Strange Symmetries #12: Pterosaur Crossing

Rhamphorhynchus muensteri was one of the first pterosaurs known to science, and its snaggletoothed snout and long vaned tail have become classic features of many fictional “pterodactyls”. But despite its prevalence in pop culture depictions, it actually seems to have been quite a highly specialized pterosaur compared to its closest relatives – and a few specimens also seem to have an unusual little bit of asymmetry going on.

Living during the Late Jurassic, about 150-145 million years ago, around the warm shallow seas of what is now southeast Germany, Rhamphorynchus had a a wingspan of up to at least 1.8m (~6′), with larger fragmentary fossils suggesting a maximum of around 3m (~9’10”).

It had proportionally long wings, splaying intermeshing needle-like teeth, and a toothless beak at the tip of its jaws. The lower beak hooked strongly upwards, while the upper seems to have varied from upwards-curving to straight to downward-curving in different individuals – and some of these arrangements mean the keratinous beak tips must have crossed when the jaws closed, twisting to each side to asymmetrically pass each other similarly to modern crossbill birds.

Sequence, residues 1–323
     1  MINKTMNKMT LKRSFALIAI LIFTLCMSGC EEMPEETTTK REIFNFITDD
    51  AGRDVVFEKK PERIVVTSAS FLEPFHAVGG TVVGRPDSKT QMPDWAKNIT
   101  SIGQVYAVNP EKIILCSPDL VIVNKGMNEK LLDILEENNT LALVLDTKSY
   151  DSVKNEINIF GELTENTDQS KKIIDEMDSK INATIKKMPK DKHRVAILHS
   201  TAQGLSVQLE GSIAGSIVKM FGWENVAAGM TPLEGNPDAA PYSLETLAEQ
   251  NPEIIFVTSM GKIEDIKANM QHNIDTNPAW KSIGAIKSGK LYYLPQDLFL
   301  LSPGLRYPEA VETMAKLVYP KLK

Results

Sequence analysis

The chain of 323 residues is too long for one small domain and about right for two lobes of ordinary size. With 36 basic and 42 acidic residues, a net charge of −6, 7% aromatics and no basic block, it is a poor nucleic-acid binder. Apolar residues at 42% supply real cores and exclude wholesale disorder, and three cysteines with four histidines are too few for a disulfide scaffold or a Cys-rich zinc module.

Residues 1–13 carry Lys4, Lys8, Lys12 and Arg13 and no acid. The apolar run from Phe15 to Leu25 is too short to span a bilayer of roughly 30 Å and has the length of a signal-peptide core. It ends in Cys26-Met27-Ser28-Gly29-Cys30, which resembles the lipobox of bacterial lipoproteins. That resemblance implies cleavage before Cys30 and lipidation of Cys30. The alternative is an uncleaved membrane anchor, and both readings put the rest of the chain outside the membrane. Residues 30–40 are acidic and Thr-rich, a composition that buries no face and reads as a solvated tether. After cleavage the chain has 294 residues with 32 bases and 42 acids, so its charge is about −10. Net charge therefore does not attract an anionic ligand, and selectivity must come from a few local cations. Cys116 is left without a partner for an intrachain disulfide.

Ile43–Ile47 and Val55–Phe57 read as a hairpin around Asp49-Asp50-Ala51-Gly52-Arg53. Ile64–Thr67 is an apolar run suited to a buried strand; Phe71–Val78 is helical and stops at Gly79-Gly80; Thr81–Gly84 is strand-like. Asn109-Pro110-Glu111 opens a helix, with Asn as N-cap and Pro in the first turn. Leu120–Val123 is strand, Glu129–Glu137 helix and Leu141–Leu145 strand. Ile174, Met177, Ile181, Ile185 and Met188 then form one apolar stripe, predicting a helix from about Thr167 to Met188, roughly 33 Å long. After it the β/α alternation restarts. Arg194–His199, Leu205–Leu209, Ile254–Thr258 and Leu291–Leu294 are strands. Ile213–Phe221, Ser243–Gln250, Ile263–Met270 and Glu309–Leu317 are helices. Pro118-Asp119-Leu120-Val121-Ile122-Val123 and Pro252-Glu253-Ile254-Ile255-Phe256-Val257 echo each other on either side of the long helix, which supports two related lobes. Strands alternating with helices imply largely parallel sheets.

Several specimens have been found with fish and cephalopod remains preserved in their guts, and along with the pointy intermeshing teeth this indicates Rhamphorhynchus was probably mainly piscivorous, occupying a similar ecological role to modern seabirds.

The different shapes of the toothless jaw tips may suggest there were several distinct populations of this pterosaur species exploiting slightly different food sources to each other, and the crossing beaks may have been an adaptation to pry the soft parts out of hard-shelled prey.